American Recycler Newspaper

Compostable plastics market sees dramatic growth
Wood Fuel Plant

By Brian R. Hook E-mail the author

Compostable plastics – biodegradable in soil or in a composting environment – may only be a small section of the overall plastics market, but that sliver is growing.

“There is a lot of growth” in the compostable plastics markets, said Keith Edwards, who works in market development out of Cincinnati for Florham Park, New Jersey based BASF Corp. – the North American affiliate of the German-based BASF Aktiengesellschaft (AG). He said that sales of the company’s compostable-product, trademarked Ecoflex, grew 25 percent in 2004. He expects Ecoflex sales to grow slightly more than that this year.

Ecoflex is designed to look, feel and perform like low-density polyethylene, Edwards said. He said it can be used for plastic bags and films. It also can be used for paper coatings, but he said compostable bags are currently driving the Ecoflex market.

“You can safely say that within eight weeks a bag composed of Ecoflex is basically going to be gone,” Edwards said, assuming that it is used in commercial composting programs that have well defined temperature and moisture levels.

“There are signs everywhere that the market is growing,” Edwards said. To meet growing demand, BASF has announced plans to build a new Ecoflex plant in Germany. As first reported last month by American Recycler, this new plant would almost double BASF’s Ecoflex capacity to around 14,000 tons a year. “Companies, like BASF, see the market continuing to grow and are putting resources behind the product,” he said.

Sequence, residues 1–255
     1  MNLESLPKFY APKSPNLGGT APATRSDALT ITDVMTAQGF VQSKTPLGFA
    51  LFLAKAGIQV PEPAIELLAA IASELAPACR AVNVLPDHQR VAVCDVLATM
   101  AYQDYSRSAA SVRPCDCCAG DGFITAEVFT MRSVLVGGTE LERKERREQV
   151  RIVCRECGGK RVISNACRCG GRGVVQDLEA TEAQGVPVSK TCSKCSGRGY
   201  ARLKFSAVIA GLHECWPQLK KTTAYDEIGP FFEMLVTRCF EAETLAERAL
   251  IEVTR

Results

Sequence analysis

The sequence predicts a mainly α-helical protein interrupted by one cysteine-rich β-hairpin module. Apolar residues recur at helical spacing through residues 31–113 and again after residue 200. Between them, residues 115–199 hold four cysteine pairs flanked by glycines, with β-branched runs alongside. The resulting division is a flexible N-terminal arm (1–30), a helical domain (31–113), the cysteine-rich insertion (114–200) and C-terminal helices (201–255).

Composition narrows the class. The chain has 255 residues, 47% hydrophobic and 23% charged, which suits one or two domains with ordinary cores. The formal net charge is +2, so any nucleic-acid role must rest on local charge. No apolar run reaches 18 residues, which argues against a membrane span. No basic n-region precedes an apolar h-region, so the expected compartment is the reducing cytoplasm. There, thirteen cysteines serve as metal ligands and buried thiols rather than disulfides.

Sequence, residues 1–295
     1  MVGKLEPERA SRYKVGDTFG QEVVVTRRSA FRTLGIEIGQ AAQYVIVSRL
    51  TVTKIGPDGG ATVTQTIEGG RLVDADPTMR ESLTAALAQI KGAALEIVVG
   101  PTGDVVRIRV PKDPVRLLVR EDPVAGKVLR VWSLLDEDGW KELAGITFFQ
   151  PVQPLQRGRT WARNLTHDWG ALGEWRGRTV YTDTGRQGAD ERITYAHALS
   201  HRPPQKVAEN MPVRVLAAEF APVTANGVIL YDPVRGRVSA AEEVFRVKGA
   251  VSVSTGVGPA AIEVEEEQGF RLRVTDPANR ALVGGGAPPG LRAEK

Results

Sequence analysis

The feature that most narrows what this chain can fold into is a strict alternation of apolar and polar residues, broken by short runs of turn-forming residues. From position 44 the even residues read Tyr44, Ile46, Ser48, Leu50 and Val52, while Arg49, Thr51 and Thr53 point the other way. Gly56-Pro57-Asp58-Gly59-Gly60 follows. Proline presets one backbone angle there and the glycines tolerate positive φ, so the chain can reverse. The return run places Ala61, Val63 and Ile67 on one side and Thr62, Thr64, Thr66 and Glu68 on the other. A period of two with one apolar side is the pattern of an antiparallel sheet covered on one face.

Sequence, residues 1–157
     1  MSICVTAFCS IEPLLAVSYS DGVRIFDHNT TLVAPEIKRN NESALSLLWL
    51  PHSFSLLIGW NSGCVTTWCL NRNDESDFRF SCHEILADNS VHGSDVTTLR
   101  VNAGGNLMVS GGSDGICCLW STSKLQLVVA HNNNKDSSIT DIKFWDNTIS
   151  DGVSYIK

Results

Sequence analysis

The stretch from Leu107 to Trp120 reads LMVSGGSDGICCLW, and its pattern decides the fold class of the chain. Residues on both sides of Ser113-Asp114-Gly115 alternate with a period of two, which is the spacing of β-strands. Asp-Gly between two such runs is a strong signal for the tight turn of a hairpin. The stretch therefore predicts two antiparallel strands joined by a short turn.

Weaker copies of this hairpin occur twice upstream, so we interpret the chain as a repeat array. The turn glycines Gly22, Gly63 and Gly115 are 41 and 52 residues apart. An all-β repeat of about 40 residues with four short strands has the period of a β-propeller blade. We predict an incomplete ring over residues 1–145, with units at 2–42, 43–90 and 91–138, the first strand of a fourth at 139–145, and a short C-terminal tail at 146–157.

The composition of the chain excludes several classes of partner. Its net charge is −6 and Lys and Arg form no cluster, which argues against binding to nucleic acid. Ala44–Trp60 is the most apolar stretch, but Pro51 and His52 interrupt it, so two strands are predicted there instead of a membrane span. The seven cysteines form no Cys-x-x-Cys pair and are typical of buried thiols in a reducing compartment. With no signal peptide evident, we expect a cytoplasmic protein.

To keep this momentum moving, Edwards said that the current international trend toward setting standards for compostable products is an important development. “There is a lot of credibility still lacking because of some campaigns done in the past where products were called biodegradable and they really weren’t,” he said.

The Biodegradable Products Institute, a not-for-profit trade organization based in New York, promotes the use of biodegradable polymeric material. The group, which also certifies compostable products, is open to any compostable materials and products that meet international testing requirements set by ASTM International, originally known as the American Society for Testing Materials, based in West Conshohocken, Pennsylvania.

BPI is also part of the International Compostability Certification Network, which includes similar trade groups in Europe, Japan, China and Taiwan. “Essentially we’ve agreed to work together to harmonize the specifications around the world so that manufacturers need only one fundamental set of criteria,” said Steve Mojo, executive director at BPI. “Marketers don’t need to redo the tests, which saves them money.”

Mojo said that he expects the market for compostable plastics, especially compostable plastic bags, to grow “dramatically” over the next few years along with the trend toward diverting food-waste to composting sites. He said that cities like San Francisco are leading the way by separating organic material from the waste stream.